PUSHKIN MUSEUM, Renoir Portrait Of Jeanne Samery Room 21 22

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In this museum, you can see five works by the great French artist Pierre-August Renoir, considered one of the most important painters of the Impressionist movement, a style characterized by the contrasts of light and shadow and the strong, vivid colors which were used to convey the artists’ emotional responses to nature.

Renoir was an extremely prolific artist, thought to have painted as many as 5,000 canvases. One of his most famous works is Jeanne Samary in a Low-necked Dress, also known as La Rêverie, painted in 1877.

This work is marked by the most authentic "joie de vivre". Throughout his life, Renoir was animated by a genuine lust for life, and he never ceased to be amazed by the infinite wonders of creation, enjoying the world's beauty and spurred on by the desire to recreate it on the canvas, with intense emotion and drawing on the memory of every visual perception that had struck him.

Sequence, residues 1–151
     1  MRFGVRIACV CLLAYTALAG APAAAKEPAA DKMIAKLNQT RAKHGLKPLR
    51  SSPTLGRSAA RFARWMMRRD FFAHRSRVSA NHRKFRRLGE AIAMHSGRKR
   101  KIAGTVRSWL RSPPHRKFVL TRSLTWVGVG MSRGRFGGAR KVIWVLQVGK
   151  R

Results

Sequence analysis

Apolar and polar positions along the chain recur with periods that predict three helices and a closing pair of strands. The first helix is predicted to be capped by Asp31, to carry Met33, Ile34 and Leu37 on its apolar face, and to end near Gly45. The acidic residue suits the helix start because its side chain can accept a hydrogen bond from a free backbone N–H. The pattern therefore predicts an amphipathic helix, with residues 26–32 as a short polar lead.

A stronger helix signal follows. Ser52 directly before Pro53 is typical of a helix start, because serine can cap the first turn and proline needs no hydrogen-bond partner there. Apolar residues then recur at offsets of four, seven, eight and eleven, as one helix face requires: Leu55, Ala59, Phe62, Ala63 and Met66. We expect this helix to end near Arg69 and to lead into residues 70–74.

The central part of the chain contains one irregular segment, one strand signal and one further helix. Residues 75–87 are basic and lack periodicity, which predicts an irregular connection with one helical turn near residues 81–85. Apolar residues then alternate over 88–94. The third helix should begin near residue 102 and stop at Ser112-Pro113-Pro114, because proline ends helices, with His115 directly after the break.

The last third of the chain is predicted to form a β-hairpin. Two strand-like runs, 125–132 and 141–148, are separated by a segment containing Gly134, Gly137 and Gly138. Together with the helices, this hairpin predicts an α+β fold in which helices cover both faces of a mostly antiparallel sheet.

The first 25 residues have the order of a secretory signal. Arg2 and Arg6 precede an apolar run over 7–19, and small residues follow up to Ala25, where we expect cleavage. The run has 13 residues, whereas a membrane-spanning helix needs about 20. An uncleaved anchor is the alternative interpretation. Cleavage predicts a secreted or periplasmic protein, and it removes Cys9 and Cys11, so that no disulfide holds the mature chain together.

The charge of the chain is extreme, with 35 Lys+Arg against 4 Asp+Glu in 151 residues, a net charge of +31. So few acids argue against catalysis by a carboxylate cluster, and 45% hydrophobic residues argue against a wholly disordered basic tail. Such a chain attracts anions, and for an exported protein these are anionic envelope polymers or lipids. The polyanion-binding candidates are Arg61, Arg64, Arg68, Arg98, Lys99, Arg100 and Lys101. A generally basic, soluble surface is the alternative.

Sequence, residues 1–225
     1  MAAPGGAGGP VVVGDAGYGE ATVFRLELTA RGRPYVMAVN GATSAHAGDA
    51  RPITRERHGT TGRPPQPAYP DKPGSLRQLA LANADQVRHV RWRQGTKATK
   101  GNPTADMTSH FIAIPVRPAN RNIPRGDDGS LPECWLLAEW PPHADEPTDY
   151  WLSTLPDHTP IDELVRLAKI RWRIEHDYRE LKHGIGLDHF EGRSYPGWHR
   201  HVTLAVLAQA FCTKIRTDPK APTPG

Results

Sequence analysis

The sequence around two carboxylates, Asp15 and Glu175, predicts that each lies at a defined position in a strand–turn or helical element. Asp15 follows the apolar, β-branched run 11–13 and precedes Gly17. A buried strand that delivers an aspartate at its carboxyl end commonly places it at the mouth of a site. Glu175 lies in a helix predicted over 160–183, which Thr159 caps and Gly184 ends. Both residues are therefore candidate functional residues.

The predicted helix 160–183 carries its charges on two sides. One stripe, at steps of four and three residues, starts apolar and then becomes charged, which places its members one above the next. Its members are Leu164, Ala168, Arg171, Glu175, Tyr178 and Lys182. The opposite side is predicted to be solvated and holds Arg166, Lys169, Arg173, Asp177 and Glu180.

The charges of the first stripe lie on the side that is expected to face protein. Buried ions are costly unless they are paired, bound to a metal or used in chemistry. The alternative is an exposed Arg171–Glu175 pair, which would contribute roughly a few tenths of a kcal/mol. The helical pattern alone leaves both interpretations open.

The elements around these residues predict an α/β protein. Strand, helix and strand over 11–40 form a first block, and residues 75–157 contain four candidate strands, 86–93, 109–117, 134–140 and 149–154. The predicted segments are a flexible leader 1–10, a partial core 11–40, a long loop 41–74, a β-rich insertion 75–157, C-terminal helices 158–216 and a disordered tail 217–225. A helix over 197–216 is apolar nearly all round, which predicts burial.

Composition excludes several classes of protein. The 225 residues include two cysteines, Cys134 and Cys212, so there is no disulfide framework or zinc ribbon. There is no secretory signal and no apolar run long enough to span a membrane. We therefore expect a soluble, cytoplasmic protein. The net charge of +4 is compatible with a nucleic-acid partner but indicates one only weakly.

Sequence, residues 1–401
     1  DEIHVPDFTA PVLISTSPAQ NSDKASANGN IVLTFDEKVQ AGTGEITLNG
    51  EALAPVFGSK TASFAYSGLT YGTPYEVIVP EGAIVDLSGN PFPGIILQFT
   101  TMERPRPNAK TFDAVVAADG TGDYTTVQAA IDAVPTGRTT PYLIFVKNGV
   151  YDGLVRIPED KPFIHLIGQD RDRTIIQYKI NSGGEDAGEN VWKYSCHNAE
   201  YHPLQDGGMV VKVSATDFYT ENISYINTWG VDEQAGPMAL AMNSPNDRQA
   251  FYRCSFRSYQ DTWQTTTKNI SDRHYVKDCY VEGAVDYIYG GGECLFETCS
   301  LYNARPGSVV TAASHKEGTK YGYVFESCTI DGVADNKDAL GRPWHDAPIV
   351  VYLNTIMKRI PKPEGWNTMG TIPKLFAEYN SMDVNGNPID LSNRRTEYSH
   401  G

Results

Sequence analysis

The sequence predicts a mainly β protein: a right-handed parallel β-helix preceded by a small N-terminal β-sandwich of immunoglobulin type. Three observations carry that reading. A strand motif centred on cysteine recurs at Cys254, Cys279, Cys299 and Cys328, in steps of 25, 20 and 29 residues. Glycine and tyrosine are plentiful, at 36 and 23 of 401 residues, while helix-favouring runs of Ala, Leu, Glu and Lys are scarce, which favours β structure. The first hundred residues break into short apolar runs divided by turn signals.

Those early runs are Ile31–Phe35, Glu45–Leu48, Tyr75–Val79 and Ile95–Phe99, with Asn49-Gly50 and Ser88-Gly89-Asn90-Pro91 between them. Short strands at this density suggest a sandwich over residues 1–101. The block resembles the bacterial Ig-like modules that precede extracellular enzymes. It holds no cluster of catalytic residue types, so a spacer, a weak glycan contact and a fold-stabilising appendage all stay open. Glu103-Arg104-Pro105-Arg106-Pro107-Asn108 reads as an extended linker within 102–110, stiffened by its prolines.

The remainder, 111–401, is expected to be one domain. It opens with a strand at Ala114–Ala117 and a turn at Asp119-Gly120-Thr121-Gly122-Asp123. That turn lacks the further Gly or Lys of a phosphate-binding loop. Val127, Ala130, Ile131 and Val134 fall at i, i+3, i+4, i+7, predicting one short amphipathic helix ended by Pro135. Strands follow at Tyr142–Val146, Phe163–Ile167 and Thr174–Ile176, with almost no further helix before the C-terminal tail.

The subject of the portrait is Jeanne Samary, one of the most critically acclaimed actresses in late-nineteenth century theatre, who lived very close to Renoir in Paris. The artist was so fascinated by her that he painted her twelve times, precisely because he considered her to be a person who had infectious joie de vivre. They had a very productive artistic relationship, which was interrupted in 1880, when Samary distanced herself from the painter in order to model for more academic portrait artists.

The painting depicts a woman immersed in a state of abandonment. A subtle smile crosses her lips and her sweetly dreamy gaze draws the viewer in, as if she wanted to create a relationship with those looking at her. This joyful fantasy, in addition to being reiterated by the original title, La Rêverie, the dream in French, is enhanced by the background, highlighted with colors in shades of pink and by Renoir's daring pictorial technique, which used rapid, crossed and very light brushstrokes.

 

 

Interesting fact: Jeanne Samary was not happy with the portrait because Renoir had drawn the public's attention to her, but only for only her dreaminess and not for her social and professional prestige.

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